Park revenue from permit fees, rental fees, special events, grants, endowments and other sources that derive from Belle Isle – excluding Recreation Passport revenue -- will be placed in a special sub-account in the Department of Natural Resources State Park Improvement Fund to administer, maintain and improve the park. The balance of that sub-account will transfer to the city upon termination of the lease.
The state will provide the mayor of Detroit and Detroit City Council with annual reports updating them on management of the park. The city or state can terminate the lease for cause if the other party fails to fulfill the terms of the lease. The parties can terminate the lease by mutual agreement at any time.
The DNR's Law Enforcement Division and Michigan State Police have collaborated with the Detroit Police Department to ensure a security plan is implemented in an effective, community oriented fashion to ensure a safe and pleasant experience at Belle Isle Park. That includes use of effective community outreach, use of community oriented policing principles and effective environmental design security measures. With the DNR and State Police assuming security responsibilities for the park, Detroit Police will be able to redeploy up to 22 officers to mainland responsibilities.
Belle Isle will operate according to rules consistent with other state parks to ensure the safety of visitors and the quality of the experience. However, the DNR has the ability to tailor these general park rules to the needs of those who use Belle Isle to accommodate the park's unique circumstances.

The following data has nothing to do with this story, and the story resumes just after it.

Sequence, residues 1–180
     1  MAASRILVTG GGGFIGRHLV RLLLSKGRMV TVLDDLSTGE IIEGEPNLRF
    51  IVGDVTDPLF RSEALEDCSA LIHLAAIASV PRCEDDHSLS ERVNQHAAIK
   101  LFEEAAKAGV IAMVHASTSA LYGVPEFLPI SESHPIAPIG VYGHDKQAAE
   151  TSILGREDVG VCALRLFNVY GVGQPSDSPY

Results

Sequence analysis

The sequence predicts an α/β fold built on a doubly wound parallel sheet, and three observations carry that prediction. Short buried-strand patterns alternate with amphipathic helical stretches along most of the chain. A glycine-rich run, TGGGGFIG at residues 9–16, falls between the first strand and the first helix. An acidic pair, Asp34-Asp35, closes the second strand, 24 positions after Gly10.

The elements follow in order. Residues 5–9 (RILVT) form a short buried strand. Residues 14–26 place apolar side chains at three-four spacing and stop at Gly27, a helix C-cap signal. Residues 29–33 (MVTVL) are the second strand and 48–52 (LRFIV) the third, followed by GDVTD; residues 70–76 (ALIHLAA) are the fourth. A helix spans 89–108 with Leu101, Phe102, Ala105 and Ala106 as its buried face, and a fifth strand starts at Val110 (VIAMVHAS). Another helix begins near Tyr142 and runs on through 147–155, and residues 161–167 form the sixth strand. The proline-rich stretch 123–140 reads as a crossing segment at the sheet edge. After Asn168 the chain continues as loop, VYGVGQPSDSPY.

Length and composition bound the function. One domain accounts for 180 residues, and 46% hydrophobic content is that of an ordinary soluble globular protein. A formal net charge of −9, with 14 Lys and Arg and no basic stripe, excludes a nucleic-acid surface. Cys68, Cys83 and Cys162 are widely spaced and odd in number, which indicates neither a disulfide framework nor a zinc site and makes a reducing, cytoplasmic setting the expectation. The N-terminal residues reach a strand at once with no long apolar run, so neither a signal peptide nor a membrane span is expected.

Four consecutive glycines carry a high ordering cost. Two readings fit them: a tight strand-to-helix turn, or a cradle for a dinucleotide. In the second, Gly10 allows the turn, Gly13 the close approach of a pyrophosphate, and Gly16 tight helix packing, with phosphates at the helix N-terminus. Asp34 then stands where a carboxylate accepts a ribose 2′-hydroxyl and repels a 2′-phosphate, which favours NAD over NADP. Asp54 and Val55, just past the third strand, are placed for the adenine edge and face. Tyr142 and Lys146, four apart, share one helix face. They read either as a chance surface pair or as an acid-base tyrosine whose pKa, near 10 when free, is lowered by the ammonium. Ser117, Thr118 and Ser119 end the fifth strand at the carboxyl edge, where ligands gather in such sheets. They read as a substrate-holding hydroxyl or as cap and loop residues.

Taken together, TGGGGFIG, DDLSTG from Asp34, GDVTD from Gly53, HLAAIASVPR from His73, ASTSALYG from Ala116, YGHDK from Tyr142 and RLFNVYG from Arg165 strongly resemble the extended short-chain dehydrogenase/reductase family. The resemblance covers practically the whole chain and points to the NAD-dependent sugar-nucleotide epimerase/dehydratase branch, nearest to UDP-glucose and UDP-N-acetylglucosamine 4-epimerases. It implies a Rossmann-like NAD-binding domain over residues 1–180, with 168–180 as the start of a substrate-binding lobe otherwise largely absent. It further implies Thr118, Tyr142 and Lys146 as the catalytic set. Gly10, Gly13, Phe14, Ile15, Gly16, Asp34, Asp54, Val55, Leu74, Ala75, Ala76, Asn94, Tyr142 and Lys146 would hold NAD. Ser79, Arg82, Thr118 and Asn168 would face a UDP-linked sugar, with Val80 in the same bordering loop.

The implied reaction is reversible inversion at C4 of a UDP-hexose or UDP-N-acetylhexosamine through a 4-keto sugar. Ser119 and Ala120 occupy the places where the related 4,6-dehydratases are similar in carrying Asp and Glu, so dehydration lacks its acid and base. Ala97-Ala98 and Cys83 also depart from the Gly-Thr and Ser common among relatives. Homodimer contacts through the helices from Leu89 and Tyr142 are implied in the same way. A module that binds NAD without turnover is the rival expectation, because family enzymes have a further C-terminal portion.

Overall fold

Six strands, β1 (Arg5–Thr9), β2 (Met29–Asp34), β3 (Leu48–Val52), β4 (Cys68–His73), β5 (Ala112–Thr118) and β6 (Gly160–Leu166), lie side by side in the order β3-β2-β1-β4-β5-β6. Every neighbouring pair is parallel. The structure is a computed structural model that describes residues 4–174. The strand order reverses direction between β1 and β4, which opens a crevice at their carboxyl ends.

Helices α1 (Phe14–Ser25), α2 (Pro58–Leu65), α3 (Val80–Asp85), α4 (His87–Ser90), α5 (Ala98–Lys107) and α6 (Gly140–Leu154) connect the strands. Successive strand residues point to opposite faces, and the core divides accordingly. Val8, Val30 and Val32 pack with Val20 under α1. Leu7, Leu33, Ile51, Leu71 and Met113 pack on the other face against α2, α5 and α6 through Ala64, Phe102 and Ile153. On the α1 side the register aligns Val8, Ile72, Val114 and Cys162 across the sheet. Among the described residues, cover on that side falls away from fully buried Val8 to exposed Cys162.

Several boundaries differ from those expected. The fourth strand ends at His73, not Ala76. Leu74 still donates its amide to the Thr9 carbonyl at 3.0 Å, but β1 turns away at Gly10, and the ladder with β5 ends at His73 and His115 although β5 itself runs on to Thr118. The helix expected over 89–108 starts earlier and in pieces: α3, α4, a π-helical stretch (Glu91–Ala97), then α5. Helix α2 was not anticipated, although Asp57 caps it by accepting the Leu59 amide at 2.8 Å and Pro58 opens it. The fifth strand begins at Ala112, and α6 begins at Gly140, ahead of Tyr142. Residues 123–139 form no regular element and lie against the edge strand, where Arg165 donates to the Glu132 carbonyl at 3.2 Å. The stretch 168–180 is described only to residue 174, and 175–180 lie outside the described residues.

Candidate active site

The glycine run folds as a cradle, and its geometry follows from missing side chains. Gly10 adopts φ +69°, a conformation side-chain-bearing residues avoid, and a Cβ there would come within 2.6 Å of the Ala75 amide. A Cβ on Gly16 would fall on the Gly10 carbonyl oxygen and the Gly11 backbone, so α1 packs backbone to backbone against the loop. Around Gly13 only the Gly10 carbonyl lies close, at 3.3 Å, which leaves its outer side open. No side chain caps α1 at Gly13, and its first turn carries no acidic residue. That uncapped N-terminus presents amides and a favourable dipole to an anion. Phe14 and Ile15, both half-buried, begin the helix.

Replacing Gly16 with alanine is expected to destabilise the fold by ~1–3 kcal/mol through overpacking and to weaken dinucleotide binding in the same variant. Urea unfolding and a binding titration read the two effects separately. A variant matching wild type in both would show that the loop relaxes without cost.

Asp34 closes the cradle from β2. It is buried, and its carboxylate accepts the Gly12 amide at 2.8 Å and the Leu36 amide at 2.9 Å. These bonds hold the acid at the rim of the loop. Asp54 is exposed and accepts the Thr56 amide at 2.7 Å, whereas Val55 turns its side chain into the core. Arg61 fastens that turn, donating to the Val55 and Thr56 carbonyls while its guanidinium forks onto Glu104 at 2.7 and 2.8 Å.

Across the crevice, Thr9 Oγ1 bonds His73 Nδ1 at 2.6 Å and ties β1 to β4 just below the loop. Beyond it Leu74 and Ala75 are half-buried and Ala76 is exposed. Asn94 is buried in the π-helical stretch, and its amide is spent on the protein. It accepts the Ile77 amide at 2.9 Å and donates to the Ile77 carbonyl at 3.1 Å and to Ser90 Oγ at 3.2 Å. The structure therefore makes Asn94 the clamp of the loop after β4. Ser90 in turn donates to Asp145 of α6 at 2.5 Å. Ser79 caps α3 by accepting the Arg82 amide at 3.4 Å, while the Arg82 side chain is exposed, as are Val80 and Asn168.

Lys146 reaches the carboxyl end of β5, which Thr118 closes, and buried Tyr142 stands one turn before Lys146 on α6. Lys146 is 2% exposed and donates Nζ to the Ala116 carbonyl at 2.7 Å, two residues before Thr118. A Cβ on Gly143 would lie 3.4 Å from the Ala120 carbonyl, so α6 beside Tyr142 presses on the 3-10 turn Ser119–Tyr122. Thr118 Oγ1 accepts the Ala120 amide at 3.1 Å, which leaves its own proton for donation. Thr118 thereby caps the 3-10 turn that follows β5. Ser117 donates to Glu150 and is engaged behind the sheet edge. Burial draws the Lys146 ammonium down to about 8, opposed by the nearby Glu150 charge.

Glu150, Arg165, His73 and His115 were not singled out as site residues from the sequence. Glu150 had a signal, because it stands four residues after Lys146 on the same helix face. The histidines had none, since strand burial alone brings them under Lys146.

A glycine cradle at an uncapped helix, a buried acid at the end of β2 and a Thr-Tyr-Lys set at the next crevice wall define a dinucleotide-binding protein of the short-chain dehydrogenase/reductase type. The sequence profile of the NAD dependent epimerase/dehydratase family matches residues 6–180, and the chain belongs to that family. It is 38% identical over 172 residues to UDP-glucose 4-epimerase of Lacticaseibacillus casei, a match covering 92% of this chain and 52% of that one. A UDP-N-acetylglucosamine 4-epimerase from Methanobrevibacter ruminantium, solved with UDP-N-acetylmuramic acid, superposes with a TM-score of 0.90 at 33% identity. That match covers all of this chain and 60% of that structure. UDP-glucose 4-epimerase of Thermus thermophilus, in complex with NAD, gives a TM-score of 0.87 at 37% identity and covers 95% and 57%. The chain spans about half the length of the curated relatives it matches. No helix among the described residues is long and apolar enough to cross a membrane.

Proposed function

Under terms of the lease, the state will develop an outreach plan to local training agencies and schools to increase the potential for hiring qualified Detroit residents for jobs on the island. The DNR will collaborate with the Detroit Economic Growth Corporation to develop pre-bid workshops for Detroit businesses to help them engage in the state bidding process for contracts on Belle Isle.
"This lease preserves ownership of one of city's crown jewels with Detroiters and creates a partnership with the state to improve and invest in Belle Isle," EM Orr said. "This is yet another example of how the restructuring of Detroit is continuing to improve services for the city's 700,000 residents."
According to DNR Director Keith Creagh, the lease will extend the state's investment in Detroit that includes managing Milliken State Park, providing grants for the Detroit riverfront and transforming the Globe Building into an Outdoor Adventure and Discovery Center. "Together, these attractions will create a gateway to Michigan's world-class natural resources for Detroit residents and all citizens of Michigan."